By Philip Elliott -Time
For the first time in months, senior Republicans trying to defend their majority in the House feel like they have a fighting chance, according to interviews with a dozen officials late last week and through the weekend.
For sure, they’re in political-triage mode, cutting off on-the-verge incumbents from the national party’s dollars. They are ready to phone television stations to cancel ad buys and to tell their digital vendors to scale back their efforts in at least a dozen races. The efforts to persuade voters is coming to a close — or has closed in some places altogether, especially where early voting is in full force.
But, despite the shrinking battlefield, these Republicans tell TIME, they’re actually fortifying their positions. Rather than scattering sparsely, they are now clustered tightly around their remaining races, which are mostly in suburban districts where Hillary Clinton posted solid numbers if not won. The resulting map, described to TIME, is a firewall approach that could weather a potential Blue Wave of Democratic votes.
One senior GOP strategist who was pessimistic at Labor Day now place their odds of holding the House at about one-in-five. Another put it at one-in-four. “No one is flipping a coin,” the second strategist said. “A lot of things are going to have to go our way if we stand a chance. But the same was true for Donald Trump, and he’s sitting in the White House.”
The goal, discussed widely inside Republican circles, is to hold the House at any cost or with any margin. Democrats need to net just 23 seats to claim the majority, and privately members of both parties say eight to 12 are already in Democrats’ back pockets. It’s the fight for the last dozen or so that can get dicey.
“The gavels don’t get any smaller with a one-vote majority,” one senior Republican on Capitol Hill said, referencing the committee chairmanships that will run the day-to-day business of Congress for the last two years of President Donald Trump’s first term. “A Blue Wave means we have to give up the chairmanships, we lose staff and we don’t get to set any part of the agenda. We cannot afford to risk that.”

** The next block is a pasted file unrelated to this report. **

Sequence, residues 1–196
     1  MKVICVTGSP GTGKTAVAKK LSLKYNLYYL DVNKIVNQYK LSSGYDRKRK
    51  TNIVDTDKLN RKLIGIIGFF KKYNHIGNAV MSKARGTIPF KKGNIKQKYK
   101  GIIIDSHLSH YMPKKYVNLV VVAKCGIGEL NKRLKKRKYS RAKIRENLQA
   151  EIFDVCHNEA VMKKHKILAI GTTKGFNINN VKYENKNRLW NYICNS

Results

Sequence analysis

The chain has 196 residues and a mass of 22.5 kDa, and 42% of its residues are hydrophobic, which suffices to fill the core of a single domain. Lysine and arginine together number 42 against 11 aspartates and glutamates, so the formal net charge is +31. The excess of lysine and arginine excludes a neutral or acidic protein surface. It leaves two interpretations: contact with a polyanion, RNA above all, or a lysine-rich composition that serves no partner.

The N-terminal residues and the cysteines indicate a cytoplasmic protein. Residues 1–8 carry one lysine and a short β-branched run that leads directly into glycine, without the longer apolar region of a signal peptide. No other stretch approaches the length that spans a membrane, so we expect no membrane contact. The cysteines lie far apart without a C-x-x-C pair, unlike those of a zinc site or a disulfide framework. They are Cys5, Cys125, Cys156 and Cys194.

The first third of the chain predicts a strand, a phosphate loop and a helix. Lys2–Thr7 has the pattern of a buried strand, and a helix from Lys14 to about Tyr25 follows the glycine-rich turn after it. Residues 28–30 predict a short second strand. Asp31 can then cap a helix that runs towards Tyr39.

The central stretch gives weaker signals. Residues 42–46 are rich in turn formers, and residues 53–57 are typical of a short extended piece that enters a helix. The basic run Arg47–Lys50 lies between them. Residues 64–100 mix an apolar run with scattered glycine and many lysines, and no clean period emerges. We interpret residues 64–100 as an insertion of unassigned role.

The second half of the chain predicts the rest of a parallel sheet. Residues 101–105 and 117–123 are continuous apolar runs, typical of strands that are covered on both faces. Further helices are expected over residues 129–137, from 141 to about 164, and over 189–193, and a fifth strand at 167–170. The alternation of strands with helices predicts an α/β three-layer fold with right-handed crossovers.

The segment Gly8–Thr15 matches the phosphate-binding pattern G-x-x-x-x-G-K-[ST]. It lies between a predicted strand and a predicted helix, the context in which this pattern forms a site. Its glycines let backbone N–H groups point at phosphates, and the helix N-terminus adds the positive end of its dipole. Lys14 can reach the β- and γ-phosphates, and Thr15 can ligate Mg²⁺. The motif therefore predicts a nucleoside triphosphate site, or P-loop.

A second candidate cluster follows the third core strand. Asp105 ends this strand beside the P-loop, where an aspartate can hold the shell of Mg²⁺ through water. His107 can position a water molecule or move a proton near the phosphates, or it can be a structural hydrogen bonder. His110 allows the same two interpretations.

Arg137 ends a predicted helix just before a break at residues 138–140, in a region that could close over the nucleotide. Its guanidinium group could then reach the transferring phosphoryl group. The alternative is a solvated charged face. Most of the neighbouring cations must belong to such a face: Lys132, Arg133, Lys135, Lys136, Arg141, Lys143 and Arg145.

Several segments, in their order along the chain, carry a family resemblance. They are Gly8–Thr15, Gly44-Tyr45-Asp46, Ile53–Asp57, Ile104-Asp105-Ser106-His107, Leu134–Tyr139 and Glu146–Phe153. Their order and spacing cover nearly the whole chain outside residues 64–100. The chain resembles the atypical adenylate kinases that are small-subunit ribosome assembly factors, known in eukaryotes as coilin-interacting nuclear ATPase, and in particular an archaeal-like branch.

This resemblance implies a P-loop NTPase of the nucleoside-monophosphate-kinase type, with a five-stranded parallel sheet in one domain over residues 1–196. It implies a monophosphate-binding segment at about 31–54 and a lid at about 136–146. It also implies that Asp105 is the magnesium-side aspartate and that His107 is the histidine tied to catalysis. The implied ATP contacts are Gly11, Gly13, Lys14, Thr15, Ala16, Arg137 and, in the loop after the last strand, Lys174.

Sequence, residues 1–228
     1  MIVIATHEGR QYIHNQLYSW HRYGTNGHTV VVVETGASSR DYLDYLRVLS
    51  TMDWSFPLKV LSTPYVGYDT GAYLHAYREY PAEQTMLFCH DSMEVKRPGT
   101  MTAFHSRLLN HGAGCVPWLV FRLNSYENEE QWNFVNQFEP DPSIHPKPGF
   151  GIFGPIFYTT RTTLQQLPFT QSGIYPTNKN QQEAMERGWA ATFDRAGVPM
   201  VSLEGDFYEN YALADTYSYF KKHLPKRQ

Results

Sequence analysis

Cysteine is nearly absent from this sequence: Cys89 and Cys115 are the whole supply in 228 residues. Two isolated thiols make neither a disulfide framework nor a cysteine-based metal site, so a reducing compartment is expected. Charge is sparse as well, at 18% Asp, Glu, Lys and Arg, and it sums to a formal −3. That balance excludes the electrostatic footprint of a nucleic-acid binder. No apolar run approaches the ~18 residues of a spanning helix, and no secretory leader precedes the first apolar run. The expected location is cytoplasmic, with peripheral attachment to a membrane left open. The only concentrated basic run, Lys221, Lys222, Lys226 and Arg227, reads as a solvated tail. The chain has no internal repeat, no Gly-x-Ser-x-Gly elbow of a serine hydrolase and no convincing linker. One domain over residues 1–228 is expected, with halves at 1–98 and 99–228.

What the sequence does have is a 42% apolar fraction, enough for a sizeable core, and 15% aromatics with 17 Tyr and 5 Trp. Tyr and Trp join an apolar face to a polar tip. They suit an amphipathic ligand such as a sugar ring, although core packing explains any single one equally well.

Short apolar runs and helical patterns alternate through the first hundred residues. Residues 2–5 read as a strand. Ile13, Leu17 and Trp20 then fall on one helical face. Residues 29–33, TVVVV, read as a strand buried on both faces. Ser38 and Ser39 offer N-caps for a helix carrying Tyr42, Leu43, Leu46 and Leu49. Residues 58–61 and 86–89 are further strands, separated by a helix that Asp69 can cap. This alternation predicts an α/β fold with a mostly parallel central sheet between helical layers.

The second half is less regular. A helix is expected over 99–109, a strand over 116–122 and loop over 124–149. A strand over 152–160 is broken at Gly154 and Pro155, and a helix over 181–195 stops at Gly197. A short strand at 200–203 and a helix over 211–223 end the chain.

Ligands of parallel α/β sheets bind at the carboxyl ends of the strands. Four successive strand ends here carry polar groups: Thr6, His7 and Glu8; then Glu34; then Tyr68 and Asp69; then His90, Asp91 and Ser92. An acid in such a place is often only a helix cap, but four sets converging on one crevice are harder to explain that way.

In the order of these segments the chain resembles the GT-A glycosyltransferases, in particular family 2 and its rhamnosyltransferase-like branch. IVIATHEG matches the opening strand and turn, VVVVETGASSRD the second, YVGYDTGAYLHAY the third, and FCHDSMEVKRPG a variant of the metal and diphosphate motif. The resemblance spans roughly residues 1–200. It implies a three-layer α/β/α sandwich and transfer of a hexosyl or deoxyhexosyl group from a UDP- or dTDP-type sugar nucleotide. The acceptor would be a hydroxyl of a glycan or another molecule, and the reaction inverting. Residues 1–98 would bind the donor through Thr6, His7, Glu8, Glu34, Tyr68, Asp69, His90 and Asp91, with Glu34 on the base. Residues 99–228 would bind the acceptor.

That’s why, in the last 10 days, senior Republicans have quietly been retreating from races that they see as iffy investments. A super PAC with close ties to outgoing Speaker Paul Ryan, the Congressional Leadership Fund, canceled ads in Colorado for endangered Rep. Mike Coffman, and the House Republicans’ official campaign arm, the NRCC, followed suit. It’s been similar bad news for incumbent Republicans like Mike Bishop of Michigan, Kevin Yoder of Kansas and Keith Rothfus of Pennsylvania. Senior Republicans expect as many as six more incumbent lawmakers could find themselves abandoned early this week. And those are on top of districts where the incumbent Republican is retiring or seeking another office, such as Martha McSally’s Arizona district. McSally is running for Senate, and House Republicans have largely abandoned attempts to keep her current seat in GOP hands.